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Arkansas Traveler


Jul 8, 2007
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N. Houston
"Avoiding danger is no safer in the long run than outright exposure. Life is either a daring adventure or nothing. To keep our faces foward and behave like free spirits in the presence of fate is strength undefeatable."—Helen Keller


"Life is…a fatal adventure. It can have only one end. So why not make it as far ranging and free as possible?"—Alexander Eliot

With thoughts like that continually strolling around in my mind, I decided it had been too long since I had “behaved like a free spirit in the presence of fate”. I need to go off on another solo adventure.

So on Wed. July 11, I put in my mind to leave by the next morning on my first camping trip and my longest motorcycle trip – and solo as usual. I worked late into the night, but managed three hours of sleep and then woke to load the bike and take off. My only plan was to get to Arkansas. Once there, I would let the weather, roads, and rivers dictate my wanderings (in that order). 1800+ miles, camping (2 motel nights) and many people with many stories they shared with me. Many roads and many sights. Too much for a ride report, really.

Below are a few maps of the routes I took each day with a bit of explanation and a couple more photos following. No day was a marathon day. The first was probably the longest at 387 miles. My traveling days were not meant to be an exercise in distance, but rather a discipline in “seeing” that which I often overlook and hearing those I often ignore. It was more about wandering than arriving and more about gaining some confidence after a year of losing.

After the maps – a few photos with short explanations. Then a list of some things I learned.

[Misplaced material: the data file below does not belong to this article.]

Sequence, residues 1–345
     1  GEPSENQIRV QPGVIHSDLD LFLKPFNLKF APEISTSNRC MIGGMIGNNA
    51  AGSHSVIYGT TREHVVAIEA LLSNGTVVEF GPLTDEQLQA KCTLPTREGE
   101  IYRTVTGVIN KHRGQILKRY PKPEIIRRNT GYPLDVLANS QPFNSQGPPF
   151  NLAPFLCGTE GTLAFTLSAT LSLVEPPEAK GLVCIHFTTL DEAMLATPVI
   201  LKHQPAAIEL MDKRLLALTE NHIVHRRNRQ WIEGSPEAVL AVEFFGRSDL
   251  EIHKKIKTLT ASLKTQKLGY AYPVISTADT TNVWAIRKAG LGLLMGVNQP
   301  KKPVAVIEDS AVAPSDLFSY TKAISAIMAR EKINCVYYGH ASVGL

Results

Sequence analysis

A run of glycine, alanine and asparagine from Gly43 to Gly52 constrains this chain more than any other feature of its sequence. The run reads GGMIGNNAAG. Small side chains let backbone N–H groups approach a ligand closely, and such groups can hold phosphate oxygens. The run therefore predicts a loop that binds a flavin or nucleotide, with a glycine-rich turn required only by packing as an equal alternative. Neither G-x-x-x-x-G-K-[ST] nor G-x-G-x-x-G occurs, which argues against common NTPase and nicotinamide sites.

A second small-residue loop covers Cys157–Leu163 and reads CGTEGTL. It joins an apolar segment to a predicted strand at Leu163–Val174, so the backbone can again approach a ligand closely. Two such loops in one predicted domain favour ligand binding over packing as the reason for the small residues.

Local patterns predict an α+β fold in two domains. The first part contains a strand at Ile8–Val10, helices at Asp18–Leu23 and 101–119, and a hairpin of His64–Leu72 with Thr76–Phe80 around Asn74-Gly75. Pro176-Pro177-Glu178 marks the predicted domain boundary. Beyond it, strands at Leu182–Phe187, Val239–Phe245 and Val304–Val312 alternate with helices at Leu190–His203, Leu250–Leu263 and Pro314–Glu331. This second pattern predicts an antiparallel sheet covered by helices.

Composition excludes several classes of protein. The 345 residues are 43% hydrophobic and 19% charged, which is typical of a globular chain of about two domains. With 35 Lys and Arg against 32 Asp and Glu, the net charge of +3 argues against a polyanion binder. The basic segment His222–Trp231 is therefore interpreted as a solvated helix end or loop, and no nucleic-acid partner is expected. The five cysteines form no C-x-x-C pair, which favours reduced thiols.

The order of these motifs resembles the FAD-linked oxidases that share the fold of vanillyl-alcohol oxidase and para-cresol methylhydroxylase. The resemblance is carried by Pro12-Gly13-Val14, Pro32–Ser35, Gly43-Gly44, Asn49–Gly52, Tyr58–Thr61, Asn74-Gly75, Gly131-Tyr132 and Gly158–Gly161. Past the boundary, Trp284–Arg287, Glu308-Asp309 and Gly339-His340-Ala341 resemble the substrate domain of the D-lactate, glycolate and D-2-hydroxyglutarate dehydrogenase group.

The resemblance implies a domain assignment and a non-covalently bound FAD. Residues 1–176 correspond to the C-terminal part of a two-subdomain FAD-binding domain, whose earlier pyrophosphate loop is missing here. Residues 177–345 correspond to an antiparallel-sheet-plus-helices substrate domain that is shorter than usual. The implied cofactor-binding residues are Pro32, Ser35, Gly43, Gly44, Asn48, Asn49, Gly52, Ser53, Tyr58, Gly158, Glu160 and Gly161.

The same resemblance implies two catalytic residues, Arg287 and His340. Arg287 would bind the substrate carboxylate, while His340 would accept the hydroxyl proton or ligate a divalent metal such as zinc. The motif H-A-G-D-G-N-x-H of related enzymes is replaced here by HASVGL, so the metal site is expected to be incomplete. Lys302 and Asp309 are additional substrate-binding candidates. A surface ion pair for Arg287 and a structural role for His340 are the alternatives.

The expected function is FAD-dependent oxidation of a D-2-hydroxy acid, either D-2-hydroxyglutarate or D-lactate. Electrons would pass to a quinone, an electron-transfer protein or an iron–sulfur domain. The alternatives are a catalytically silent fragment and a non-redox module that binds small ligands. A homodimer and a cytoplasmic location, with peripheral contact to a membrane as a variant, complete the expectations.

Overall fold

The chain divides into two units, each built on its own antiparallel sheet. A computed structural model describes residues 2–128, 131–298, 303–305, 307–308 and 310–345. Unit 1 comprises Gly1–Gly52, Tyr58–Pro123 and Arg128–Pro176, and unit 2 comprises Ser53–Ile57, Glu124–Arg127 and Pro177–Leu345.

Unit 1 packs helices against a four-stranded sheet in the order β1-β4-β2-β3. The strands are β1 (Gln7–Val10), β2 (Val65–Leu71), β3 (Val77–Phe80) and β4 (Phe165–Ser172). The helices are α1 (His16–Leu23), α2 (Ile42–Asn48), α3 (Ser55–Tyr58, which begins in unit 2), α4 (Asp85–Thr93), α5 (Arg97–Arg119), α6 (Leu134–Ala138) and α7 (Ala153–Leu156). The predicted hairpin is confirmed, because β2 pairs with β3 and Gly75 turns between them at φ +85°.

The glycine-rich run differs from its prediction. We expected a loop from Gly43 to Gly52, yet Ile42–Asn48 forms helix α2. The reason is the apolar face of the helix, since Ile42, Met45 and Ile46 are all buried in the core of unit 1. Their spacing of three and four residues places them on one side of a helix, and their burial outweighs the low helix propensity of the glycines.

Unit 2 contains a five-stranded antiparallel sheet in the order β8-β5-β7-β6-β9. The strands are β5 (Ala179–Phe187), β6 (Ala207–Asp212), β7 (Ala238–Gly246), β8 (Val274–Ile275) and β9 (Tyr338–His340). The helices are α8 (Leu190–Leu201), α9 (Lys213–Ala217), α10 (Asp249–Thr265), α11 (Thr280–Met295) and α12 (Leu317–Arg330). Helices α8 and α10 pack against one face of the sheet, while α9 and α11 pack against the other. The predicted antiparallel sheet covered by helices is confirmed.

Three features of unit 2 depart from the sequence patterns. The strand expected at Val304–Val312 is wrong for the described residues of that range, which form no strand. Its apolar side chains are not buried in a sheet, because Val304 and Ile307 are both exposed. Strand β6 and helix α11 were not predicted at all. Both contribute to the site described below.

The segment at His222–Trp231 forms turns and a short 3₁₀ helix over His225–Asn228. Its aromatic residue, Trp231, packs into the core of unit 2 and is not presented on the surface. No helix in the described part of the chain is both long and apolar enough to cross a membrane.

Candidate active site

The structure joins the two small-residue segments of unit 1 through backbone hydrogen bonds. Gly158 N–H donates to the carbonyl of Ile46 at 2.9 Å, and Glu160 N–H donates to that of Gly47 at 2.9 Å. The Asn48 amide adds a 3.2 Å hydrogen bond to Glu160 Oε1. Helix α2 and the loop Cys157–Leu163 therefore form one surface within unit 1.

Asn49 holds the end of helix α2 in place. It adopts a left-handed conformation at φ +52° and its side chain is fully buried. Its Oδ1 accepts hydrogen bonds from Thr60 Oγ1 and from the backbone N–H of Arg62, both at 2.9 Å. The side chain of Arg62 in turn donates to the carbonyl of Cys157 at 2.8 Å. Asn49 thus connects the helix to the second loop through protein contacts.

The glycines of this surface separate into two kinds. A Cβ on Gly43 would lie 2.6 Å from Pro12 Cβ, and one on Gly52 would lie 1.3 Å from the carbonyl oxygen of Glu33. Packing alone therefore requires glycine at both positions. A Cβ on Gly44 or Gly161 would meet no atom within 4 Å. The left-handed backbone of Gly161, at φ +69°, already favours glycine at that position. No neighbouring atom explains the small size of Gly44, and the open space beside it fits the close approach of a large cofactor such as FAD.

I wasn’t sure what route I would take, but I had heard someone say 259 all the way to the Talimena Parkway was the quickest, so that is what I did. I ended up camping (for the first time since I was 4) at Beaver’s Bend State Park on Broken Bow Lake. I pulled in when it was almost dark, but got a great spot. There were even showers. I wasn’t sure if campgrounds had them or not. Later I found out that some do not, and I learned the art of bathing by an outdoor faucet, a sink, or a river. Lots of stories, but not enough bandwidth here!

My campsite


I hung this every night from the center of my tent as a reminder

A clean tent.

The next morning – a look at the lake below my tent. The fog was beautiful.


I felt great waking from my first night on the ground (air mattress). I thought I would probably head further north to make sure I was away from rain. First, though I had to try out the camp showers. Nice. Really. I was surprised. But I was more surprised when I stepped out of the showers to find rain coming down in buckets. I went back to my tent and sat, and sat, and sat. Finally, when it began to let up, I started packing up. A ranger came along and asked if I had any experience riding in the rain because it was raining everywhere. Disappointment set in, but since I didn’t have an agenda or an itinerary, it didn’t matter. Just point me in the direction where I will be out of rain the soonest. He called a dispatcher and said if I would continue on north, I would be out of rain within 1-2 hours. Cool. I loaded up.

The on again, off again rain and heat and humidity was frustrating and tiring. Getting only three hours of sleep two nights before and then difficulty falling to sleep in a tent the night before left me pretty tired. Plus the continual concentration can really drain you more than you realize at the time. Fighting rain, wet roads, and fatigue had me stopping in Smithville just to regroup and get out of the rain for a while. That is where I bought my Arkansas map and started getting an idea of where I would end up. I noticed a town in Oklahoma named Muse, so being a bit of a mystic, I decide to take a detour to Muse before I continued on my trip. (Yes, I was amused)